Why Startups Fail Before They Run Out Of Money
If you get a chance to talk to a startup founder who has failed (raises hand), and ask them when they saw that failure coming, they’ll probably tell you a similar story: The writing was on the wall long before the money ran out.
So why didn’t they catch it?
In all my years of experience running startups, working at them, advising them, even investing in them, I’ve never seen a failure go down because one morning everyone woke up and the money was gone.
It happens more like this.
The thing about failure is that it almost always rides the coattails of success. In other words, a startup must be in a position to succeed before it can fail.
With a new business, even a modicum of success can be difficult to achieve, thus, it’s intoxicating when it finally happens. This is fine. It’s good. Success needs to be celebrated, capitalized upon, and chased.
But almost always, as the party rages on, a bad actor can slip in, almost imperceptibly. And when it does, it’s usually disguised as something else — something potentially awesome.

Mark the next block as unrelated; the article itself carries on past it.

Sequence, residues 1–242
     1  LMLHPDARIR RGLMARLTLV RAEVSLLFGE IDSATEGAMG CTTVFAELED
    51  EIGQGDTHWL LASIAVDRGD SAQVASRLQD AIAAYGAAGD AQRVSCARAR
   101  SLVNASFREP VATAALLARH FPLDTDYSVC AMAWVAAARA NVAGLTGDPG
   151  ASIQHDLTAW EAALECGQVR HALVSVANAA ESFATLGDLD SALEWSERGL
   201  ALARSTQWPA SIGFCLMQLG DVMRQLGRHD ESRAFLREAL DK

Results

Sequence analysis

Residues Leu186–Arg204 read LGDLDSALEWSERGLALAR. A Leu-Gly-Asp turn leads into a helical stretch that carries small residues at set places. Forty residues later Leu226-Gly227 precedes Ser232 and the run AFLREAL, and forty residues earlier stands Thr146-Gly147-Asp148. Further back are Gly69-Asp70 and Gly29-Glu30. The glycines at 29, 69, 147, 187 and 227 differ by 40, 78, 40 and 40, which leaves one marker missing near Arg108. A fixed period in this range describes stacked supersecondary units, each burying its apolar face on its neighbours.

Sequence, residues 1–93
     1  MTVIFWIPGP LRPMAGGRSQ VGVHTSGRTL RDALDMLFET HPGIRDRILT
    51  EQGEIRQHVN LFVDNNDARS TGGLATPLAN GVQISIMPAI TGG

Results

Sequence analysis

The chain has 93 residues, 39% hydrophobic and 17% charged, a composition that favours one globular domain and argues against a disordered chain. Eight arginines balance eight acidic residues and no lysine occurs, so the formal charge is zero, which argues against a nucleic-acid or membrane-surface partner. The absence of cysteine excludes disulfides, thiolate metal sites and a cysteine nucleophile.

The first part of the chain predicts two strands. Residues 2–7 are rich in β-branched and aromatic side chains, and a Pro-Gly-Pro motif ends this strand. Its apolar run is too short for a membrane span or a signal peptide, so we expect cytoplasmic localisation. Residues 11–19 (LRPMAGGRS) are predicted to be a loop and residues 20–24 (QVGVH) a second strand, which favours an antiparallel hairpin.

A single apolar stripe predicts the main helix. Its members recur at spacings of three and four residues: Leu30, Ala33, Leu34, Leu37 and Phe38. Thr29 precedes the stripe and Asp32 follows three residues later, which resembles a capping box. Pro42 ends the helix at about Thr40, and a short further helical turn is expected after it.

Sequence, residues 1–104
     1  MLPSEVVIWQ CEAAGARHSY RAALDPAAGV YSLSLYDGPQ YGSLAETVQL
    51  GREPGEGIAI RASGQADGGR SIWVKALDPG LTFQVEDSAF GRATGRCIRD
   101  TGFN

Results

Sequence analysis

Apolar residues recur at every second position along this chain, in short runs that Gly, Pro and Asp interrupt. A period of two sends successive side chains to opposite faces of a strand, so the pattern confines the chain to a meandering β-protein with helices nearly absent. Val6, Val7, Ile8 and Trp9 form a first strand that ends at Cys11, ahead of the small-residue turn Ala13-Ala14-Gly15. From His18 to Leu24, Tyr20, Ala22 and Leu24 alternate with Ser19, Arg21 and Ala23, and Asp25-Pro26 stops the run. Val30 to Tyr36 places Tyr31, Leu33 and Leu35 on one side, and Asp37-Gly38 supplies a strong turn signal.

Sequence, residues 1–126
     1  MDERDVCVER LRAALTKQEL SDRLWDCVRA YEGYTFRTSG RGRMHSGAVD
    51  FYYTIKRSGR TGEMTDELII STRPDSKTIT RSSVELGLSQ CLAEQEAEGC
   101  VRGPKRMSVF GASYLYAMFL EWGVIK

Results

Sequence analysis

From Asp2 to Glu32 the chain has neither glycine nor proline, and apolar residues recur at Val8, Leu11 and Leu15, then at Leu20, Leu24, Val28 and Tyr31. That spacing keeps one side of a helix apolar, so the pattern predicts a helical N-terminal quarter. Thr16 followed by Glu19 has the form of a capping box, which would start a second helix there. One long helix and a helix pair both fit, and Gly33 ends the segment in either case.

The Distraction Phase
The first step on the road to failure begins with a loss of focus. Every time. It’s a self-inflicted wound, usually brought about with the best intentions.
The leadership team can get caught up in a chart that goes up and to the right — customer acquisition, revenue, profit. And in their intoxication with the exploding growth, they start to pour all the company resources into accelerating that line of growth.
Or maybe the entire team gets time-sucked into a single project or customer, even a potential customer with deep pockets that could rocket the company from atmosphere to stratosphere.
Or maybe someone — I’m looking at the CEO — brings in an exciting new idea for the company that’s going to take it to the next level.
How I’d Avoid Distraction: All of those scenarios are good, some even great. But the biggest mistake a startup leader can make is twofold: Expecting current success to last forever…